Bids for Plum paving projects come in lower than expected
With warmer temperatures finally arriving, Plum officials are turning their attentions to much-needed road work.
Council members on Tuesday night were expected to consider awarding contracts for paving projects on 19 borough roads, as well as the first phase of a major job on Millers Lane.
The total of the low-bid contracts is about $900,000, Plum manager Michael Thomas said.
Thomas said the low bidder for the flexible-base and tar-and-chip seal-coat paving contracts was Youngblood Paving of Wampum at $328,661.
Councilman Steve “Skip” Taylor, public-works committee chairman, said flexible-base paving is put down on more rural roads that are not heavily traveled and do not have a lot of truck traffic. Taylor said tar-and-chip seal-coat paving is used on smaller roads.
Thomas also said the low bidder on the Superpave asphalt contract was Tresco Paving of Plum at $476,785.
Taylor said Superpave asphalt is used on more heavily traveled roads.
Taylor is happy to see the bid amounts for the road projects were lower than officials had expected.
“Now is the time to strike,” Taylor said. “As they (contractors) get busier, the prices go up.”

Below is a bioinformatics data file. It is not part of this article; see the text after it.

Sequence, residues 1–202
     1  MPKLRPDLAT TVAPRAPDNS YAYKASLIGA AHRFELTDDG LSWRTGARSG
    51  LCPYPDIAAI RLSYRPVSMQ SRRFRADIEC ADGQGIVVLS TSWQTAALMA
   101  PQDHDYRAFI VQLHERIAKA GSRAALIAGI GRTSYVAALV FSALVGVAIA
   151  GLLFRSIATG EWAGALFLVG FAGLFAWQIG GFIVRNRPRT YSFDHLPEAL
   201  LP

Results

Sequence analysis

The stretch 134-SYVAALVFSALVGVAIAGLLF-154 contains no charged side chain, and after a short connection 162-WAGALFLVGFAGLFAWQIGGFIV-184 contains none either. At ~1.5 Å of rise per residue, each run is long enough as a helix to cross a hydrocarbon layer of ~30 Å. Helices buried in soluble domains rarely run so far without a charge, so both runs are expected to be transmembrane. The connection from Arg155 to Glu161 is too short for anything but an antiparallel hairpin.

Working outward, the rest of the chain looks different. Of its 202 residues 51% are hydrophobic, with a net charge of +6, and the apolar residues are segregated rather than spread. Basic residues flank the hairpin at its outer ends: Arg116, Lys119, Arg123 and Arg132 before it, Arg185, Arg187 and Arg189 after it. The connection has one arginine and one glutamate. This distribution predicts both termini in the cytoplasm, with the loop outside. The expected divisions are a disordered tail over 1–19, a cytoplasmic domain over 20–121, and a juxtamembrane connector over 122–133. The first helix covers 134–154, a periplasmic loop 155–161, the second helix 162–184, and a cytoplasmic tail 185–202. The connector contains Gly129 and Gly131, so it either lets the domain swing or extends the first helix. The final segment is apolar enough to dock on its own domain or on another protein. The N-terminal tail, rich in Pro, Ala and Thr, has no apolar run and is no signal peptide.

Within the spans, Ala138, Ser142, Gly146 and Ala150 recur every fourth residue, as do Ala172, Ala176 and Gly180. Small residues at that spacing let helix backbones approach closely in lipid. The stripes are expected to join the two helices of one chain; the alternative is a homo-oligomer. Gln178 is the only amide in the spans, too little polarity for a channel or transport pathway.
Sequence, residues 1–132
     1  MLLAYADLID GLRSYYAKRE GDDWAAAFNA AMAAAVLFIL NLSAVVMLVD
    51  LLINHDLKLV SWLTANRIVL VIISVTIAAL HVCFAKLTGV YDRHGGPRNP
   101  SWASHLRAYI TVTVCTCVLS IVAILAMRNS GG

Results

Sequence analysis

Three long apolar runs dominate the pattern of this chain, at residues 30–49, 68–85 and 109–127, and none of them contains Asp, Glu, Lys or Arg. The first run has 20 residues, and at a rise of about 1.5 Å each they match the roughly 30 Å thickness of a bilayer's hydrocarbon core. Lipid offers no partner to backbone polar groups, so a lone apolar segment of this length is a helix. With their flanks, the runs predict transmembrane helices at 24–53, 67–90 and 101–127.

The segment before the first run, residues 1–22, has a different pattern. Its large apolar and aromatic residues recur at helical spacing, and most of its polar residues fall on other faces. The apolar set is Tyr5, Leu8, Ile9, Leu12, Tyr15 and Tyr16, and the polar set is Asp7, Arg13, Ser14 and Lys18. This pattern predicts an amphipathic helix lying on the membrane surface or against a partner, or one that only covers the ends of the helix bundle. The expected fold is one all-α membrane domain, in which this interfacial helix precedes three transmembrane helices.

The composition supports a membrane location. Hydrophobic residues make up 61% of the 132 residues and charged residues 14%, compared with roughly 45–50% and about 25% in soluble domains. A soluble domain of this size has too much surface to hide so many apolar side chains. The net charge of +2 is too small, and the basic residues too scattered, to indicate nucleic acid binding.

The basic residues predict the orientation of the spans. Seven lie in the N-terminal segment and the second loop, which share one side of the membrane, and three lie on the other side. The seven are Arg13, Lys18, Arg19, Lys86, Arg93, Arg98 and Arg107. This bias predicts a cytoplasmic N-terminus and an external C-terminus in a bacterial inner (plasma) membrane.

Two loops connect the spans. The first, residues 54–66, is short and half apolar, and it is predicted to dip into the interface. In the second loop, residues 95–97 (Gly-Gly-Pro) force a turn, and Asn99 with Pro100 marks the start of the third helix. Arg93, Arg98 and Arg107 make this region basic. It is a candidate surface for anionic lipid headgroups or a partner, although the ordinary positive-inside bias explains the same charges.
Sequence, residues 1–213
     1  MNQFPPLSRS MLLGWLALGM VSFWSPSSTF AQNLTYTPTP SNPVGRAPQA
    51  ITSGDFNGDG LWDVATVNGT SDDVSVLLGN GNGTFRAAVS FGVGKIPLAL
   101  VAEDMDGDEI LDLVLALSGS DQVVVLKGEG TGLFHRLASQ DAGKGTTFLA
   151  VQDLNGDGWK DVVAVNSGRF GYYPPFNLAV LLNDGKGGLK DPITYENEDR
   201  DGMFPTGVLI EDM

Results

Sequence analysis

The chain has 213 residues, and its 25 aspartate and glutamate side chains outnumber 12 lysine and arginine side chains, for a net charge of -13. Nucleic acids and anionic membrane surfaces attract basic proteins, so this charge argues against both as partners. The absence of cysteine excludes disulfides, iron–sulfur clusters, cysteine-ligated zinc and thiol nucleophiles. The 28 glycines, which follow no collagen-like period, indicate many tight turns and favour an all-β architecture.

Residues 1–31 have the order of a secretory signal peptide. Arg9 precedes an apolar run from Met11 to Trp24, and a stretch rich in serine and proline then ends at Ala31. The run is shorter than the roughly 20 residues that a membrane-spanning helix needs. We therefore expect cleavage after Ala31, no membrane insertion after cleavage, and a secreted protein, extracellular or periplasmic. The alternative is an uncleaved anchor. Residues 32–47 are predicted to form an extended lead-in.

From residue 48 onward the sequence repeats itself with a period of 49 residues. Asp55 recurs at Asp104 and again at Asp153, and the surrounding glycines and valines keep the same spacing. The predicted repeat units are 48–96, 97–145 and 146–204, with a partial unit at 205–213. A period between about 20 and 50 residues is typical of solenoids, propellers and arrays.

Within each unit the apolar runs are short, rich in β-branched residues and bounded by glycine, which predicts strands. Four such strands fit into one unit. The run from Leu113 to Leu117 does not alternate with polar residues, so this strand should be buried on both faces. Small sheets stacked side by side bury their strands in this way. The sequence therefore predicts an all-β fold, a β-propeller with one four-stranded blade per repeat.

The paving projects traditionally begin in the early summer and continue through the fall, Thomas said.
Council was expected to consider awarding a $105,376 contract to A. Liberoni Inc. of Plum for work on Miller's Lane.
“The Millers Lane people have been more than patient,” Taylor said. “They have every right in the world to complain. They have earned their spot on the list.”
Plum officials have said the road needs about $1 million in work.
In addition to some uneven pavement on the entire mile-long stretch, the Plum Borough Municipal Authority dug trenches to install water lines on the upper portion of the road, Councilman Leonard Szarmach has said. The authority paved over the area where the trenches were dug, which created an uneven surface.
Taylor said the upper portion of Millers Lane from Saltsburg Road to Regency Drive is scheduled to be paved.
Thomas said officials initially budgeted about $300,000 for work on Millers Lane but cut that to $285,000 because of salt and overtime costs from the winter weather.
With the low bid at about $105,000, Thomas said, officials might decide to do more work on the road.
Taylor said with all the paving bids coming in lower than expected, the public-works committee will take a second look at road work for the summer.
“I will get together with my committee and determine what other roads to do,” Taylor said.
Karen Zapf is a staff writer for Trib Total Media. She can be reached at 412-856-7400, ext. 8753, or firstname.lastname@example.org.
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